Racial Parity In Higher Education Is Far, Far Away

University Of Maryland Goes Test-Optional

The University System of Maryland will no longer require SAT or ACT scores for admission.

Last month, Maryland’s board of regents voted to allow its 12 universities to remove the requirement of SAT or ACT scores for admission. The final vote, however, allows individual campuses to have the autonomy to set their own admissions standards, The Washington Post reports.

“It was not our choice necessarily to go test-optional, but for the last two years, we have dealt with accepting many, many students across our system who did not have SAT or ACT scores,” Joann Boughman, senior vice chancellor for academic and student affairs for the university system, tells The Washington Post. Boughman says other factors, such as GPA, are better than standardized test scores at predicting college success.


University of Maryland College Park President Darryll J. Pines has stated that standardized testing has a long history of being disproportionate in accessibility to minority communities.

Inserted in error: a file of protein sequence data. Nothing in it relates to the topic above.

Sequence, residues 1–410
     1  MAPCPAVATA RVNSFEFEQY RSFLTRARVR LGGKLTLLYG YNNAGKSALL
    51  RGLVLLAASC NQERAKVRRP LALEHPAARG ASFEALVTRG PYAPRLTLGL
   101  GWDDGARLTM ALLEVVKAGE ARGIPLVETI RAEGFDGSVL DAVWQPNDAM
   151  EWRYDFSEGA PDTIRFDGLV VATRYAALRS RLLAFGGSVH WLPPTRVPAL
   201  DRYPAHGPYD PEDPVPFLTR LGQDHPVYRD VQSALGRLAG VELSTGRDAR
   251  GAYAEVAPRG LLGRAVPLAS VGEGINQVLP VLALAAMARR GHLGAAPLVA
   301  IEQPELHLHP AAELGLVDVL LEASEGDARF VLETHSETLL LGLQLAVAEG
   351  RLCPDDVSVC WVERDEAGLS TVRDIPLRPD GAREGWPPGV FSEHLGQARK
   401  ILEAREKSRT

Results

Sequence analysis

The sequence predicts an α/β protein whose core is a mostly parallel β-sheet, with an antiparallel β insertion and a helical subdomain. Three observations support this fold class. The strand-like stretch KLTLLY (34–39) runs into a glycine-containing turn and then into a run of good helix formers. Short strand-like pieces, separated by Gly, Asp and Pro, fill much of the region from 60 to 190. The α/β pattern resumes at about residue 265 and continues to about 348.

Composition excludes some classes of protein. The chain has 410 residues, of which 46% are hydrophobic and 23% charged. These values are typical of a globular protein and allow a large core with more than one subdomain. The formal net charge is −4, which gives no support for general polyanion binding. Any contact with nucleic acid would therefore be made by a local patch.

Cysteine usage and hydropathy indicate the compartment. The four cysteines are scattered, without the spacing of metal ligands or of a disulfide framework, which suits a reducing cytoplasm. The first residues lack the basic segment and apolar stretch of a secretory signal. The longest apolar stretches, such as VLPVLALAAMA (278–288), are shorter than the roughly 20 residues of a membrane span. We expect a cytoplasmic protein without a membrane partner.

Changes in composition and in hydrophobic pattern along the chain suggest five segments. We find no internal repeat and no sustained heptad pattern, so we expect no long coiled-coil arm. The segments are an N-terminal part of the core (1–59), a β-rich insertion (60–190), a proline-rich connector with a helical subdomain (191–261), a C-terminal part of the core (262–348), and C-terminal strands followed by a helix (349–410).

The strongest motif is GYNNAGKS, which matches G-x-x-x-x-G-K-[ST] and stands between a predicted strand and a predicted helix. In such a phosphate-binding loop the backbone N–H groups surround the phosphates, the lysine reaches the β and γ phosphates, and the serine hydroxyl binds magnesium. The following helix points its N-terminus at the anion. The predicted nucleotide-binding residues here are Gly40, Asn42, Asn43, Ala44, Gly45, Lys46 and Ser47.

“Persons of color tend to have biases against them by these tests and they don’t get into schools,” Pines says.

Research has shown that standardized testing perpetuates racial inequality.

“African-Americans, especially males, are disproportionately placed or misplaced in special education, frequently based on test results,” according to the National Education Association. “In effect, the use of high-stakes testing perpetuates racial inequality through the emotional and psychological power of the tests over the test takers. And although most test makers screen test items for obvious bias, their efforts often do not detect underlying bias in the test’s form or content. These biases have long-ranging and damaging consequences not only for students, their families but also the economic well-being of their communities.”

That’s part of the reason why the University of Maryland system has decided to go test-optional. But some officials say the problem isn’t necessarily standardized testing itself, but the access to test prep resources.

“Particularly for students of color, we have to find ways … of helping them to have the skills they need to succeed on standardized tests, though, because when you think about medical school or law school or the CPA or the nursing exam or the teacher’s exam, all of these are standardized tests,” Freeman A. Hrabowski III, the longtime president of UMBC, says.

Sources: The Washington Post, National Education Association

Next Page: Tulane admits most of class through early decision.

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